Furniture group IKEA is breaking Dutch laws by using cheap Slovakian drivers to bring goods from its Belgian distribution centre to the Netherlands, the FNV trade union says in Tuesday’s Volkskrant.
The union has made a formal complaint to the transport ministry about use of foreign drivers who are employed via a Slovakian employment agencies. Transport companies are also concerned about the arrangement, the paper says.
IKEA says it is acting within the law. The Belgian transport group subcontracts delivery work to its Slovakian subsidiary which in turn uses the services of a local staffing agency.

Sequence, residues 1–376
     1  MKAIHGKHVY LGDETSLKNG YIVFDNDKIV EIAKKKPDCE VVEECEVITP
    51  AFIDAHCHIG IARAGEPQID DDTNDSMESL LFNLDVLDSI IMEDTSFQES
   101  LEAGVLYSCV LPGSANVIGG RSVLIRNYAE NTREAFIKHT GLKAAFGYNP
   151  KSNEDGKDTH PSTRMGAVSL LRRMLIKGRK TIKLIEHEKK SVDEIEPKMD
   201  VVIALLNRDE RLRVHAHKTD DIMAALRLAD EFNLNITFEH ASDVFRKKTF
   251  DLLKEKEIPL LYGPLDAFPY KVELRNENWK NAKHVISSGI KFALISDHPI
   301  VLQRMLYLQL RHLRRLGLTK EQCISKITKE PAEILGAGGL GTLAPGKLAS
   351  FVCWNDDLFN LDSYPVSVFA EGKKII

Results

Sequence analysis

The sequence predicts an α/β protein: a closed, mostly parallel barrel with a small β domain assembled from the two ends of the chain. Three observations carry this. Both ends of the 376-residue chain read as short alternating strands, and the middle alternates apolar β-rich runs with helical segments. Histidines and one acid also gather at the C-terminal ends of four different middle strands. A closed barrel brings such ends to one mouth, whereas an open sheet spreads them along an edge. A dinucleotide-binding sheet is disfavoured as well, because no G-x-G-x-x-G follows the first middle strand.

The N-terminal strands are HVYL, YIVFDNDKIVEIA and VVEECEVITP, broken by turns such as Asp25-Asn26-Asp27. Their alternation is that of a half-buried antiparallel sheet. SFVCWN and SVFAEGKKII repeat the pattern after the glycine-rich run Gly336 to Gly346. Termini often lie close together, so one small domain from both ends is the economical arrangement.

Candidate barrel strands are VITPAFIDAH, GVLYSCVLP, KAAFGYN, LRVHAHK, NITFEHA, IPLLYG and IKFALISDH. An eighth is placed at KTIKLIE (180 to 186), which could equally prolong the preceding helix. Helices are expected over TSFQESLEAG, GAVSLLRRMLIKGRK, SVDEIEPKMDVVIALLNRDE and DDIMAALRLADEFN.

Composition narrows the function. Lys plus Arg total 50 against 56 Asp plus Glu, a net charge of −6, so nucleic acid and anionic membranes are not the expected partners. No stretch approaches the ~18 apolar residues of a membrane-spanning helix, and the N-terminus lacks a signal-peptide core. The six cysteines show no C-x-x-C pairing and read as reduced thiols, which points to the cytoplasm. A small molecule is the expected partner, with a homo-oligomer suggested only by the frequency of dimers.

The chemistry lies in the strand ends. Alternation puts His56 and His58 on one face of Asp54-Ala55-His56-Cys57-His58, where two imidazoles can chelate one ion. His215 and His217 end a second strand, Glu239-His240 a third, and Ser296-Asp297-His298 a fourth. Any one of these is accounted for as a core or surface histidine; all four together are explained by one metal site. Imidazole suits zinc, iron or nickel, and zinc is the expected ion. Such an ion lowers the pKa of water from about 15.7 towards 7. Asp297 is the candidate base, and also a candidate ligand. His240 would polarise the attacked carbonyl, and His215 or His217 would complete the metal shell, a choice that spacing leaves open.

The FNV claims eastern European drivers spend weeks if not months living in their cabs, drive long hours and are paid below the minimum wage.
A driver contract seen by the Volkskrant shows a Slovakian driver earns €420 a month plus €1,300 in ‘expenses’. An experienced Dutch driver earns €3,000 net a month.
The union and employers say the Dutch government is not doing enough to crack down on the illegal use of cheap foreign drivers. ‘Cheats should be punished and fair play rewarded with equitable and sustainable transport contracts,’ FNV spokesman Edwin Atema told the paper.
Transport ministry inspectors deny that they are not doing enough but the promised checks on 14,000 lorries last year were not achieved, the Volkskrant says.
In the meantime, IKEA says it has expanded its code of conduct to cover transport. ‘We consider it important that our products are made and delivered under proper and fair conditions,’ a spokeswoman in Sweden told the paper.
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